The Happy Family

As many of you know I have an anomalous interest in the family. I find the idea of families utterly fascinating on both a personal and professional (social work) level. Consequentially I enjoy surrounding myself with spiritual and secular literature pertaining to family make up, break down, parenting, relationships, sibling dynamics, and happiness. My most recent read is a book titled The Happy Family by Richard and Linda Eyre. In their book, the Eyres suggest that many of America’s social problems are a direct consequence of disregarding the family. I couldn’t agree more.

In the book, one of my favorite sections is highlighted by an astounding yet simple quote by C.S. Lewis that reads, “The homemaker is the ultimate career. All other careers exist for one purpose and that is to support the ultimate career.” Isn’t that beautiful? The authors interpret Lewis' use of “homemaker” to mean “the home”, or the family. Thus saying, “The home is the ultimate career.” Essentially, everything we do should be for the purpose of supporting the home. Everything we do—work, learn, and recreation—should build the family. Our work should support the family, not the other way around. Our learning should support the family, not the other way around. And our recreation should support the family, not the other way around…

Hmmmm... as a society are we not completely off base? The authors use an example asking, What is the first question you’re asked upon meeting someone new (aside from your name): What do you do? And more often than not they’re not talking about your family. Yet, isn't success in the home the ultimate success? And failure in the home, the ultimate failure? Well, the reality is corporate America doesn’t tend to care much for your family. Why? It's about being on top and of course money. Thus, they don’t exist to support your family. They expect your family to work around them, even if that means missing your child’s sporting event, your husband's or wife’s birthday, or a family dinner. Yet, the very roots of work stem from sustaining the family—not greed, not personal fulfillment, but supporting the family. Think back to the days of living off the land. The focus then was solely to uphold the family. Thus where in the past people worked in order to live, people now live to work. Now, obviously we can’t all just up and quit our jobs (Not to mention, not every employer fails to support the family.). We need work. We need to work to support our families. But we constantly need to check our focus to ensure we're doing our best to make building the family our highest priority amdist all opposition.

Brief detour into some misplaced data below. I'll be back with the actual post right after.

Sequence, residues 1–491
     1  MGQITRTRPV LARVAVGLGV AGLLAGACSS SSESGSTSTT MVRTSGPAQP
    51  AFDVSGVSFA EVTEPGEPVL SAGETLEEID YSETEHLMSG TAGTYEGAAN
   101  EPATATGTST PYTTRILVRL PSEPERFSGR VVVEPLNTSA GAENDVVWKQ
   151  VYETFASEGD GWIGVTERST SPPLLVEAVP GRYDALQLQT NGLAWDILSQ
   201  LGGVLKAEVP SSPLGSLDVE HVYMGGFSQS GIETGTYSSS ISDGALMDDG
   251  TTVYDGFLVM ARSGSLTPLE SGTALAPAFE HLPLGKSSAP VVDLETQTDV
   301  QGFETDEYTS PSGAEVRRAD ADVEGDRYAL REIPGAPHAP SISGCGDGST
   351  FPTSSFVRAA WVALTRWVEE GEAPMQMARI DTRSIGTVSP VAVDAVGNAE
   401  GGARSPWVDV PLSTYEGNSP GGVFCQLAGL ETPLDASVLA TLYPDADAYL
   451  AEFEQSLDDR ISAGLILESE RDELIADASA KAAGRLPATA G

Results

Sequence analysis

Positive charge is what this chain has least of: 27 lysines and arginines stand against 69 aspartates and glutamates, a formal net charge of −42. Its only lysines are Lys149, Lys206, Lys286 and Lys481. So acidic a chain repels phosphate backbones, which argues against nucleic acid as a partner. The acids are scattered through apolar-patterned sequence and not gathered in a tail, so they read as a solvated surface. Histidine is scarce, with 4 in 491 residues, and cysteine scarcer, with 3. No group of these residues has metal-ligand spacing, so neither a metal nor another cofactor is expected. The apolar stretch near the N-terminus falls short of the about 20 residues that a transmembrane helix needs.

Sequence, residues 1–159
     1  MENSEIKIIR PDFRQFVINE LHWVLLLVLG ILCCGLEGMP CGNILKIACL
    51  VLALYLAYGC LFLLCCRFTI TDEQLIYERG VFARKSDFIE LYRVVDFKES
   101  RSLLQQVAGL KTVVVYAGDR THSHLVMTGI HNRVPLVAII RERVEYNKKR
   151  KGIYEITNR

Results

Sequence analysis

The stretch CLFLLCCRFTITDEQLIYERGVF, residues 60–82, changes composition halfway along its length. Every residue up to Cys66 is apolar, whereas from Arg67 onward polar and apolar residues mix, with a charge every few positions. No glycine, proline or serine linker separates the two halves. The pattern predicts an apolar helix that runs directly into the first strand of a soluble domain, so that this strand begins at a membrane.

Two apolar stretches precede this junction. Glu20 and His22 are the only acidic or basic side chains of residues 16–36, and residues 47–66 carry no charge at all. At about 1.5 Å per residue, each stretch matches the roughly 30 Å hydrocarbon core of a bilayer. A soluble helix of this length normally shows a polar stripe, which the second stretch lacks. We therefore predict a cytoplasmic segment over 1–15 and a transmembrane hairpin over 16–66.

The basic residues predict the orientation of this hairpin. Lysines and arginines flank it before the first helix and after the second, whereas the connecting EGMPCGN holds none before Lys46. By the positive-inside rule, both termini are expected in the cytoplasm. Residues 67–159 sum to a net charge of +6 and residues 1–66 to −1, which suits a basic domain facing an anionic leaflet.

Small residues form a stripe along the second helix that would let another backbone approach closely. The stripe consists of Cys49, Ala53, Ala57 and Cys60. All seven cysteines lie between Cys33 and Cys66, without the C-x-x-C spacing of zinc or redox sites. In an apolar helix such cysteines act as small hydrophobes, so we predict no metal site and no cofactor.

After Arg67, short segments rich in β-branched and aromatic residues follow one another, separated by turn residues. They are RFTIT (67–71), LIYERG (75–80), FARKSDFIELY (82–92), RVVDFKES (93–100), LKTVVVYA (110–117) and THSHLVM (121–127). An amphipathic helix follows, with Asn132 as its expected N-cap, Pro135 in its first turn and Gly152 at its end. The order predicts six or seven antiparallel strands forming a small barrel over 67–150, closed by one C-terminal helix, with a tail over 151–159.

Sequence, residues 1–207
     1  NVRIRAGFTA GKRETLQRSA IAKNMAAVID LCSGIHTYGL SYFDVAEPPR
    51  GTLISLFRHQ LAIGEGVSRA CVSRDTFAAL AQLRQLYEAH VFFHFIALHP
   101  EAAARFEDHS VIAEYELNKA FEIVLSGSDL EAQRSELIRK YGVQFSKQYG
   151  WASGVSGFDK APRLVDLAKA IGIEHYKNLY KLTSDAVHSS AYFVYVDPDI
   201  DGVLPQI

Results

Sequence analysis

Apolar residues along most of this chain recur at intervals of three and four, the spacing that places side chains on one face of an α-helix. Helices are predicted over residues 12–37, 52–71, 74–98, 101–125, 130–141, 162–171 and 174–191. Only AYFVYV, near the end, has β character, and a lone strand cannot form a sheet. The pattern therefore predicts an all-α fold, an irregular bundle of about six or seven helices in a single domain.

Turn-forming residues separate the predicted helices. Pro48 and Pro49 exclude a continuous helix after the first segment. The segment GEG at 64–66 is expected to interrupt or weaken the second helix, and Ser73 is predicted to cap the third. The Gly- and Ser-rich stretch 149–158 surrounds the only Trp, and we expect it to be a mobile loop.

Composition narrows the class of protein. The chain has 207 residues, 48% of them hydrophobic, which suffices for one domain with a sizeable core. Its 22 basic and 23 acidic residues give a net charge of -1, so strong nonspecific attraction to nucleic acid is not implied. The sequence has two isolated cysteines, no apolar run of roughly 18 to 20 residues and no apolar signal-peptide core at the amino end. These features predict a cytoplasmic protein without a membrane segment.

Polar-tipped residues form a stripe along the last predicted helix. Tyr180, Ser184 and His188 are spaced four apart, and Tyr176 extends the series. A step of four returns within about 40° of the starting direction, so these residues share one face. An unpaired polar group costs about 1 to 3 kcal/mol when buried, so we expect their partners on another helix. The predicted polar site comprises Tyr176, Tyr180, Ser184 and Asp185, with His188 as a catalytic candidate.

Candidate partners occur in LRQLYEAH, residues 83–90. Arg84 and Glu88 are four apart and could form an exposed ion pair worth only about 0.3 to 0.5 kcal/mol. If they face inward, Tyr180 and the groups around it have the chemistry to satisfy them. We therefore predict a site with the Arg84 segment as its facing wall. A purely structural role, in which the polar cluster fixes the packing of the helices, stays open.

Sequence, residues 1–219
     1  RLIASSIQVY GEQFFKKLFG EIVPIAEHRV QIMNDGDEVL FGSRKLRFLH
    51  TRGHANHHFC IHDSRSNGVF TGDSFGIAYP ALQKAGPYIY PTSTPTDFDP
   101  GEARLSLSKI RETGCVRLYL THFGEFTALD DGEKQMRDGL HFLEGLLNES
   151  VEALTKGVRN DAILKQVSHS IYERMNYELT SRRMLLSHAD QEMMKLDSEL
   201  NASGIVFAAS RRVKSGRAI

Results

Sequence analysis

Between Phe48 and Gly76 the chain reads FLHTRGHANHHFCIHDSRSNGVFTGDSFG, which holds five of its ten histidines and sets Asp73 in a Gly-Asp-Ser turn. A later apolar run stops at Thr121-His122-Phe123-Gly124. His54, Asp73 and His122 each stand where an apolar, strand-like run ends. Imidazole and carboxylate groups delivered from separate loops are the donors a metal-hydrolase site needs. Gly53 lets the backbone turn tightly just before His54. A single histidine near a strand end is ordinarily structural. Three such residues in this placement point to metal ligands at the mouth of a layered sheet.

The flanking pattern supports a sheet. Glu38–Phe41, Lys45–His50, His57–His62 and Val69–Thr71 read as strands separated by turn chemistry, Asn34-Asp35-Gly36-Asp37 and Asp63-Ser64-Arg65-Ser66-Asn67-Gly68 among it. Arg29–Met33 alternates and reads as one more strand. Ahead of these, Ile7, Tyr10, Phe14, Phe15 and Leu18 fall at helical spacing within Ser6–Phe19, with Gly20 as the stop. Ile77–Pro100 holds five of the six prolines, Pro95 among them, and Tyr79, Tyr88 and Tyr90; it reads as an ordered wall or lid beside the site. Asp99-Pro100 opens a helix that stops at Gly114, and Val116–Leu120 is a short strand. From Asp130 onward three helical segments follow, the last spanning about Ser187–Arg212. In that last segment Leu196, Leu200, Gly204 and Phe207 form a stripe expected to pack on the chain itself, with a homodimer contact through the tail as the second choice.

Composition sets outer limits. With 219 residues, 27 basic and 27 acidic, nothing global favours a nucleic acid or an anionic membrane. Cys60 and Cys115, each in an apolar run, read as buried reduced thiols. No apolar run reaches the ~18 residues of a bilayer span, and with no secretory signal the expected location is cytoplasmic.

As a member of the LDS faith, the Eyre’s thoughts really struck home for me as the family is truly at the core of my religion. We believe families can be together forever, in this life and in the life hereafter. We believe families to be eternal. As Elder Eyring defined, “Eternal life means to become like the Father and to live in families in happiness and joy forever…” Ultimately, we believe we can become like God the Father and live happily in our families forever, and ever, and ever. Families are of the utmost importance. With that lens, you can see why constantly refocusing on the family is so critical. My every action should be weighted by how it supports the family. What would Jesus do? Build the Kingdom of God, and I believe build and support the family.

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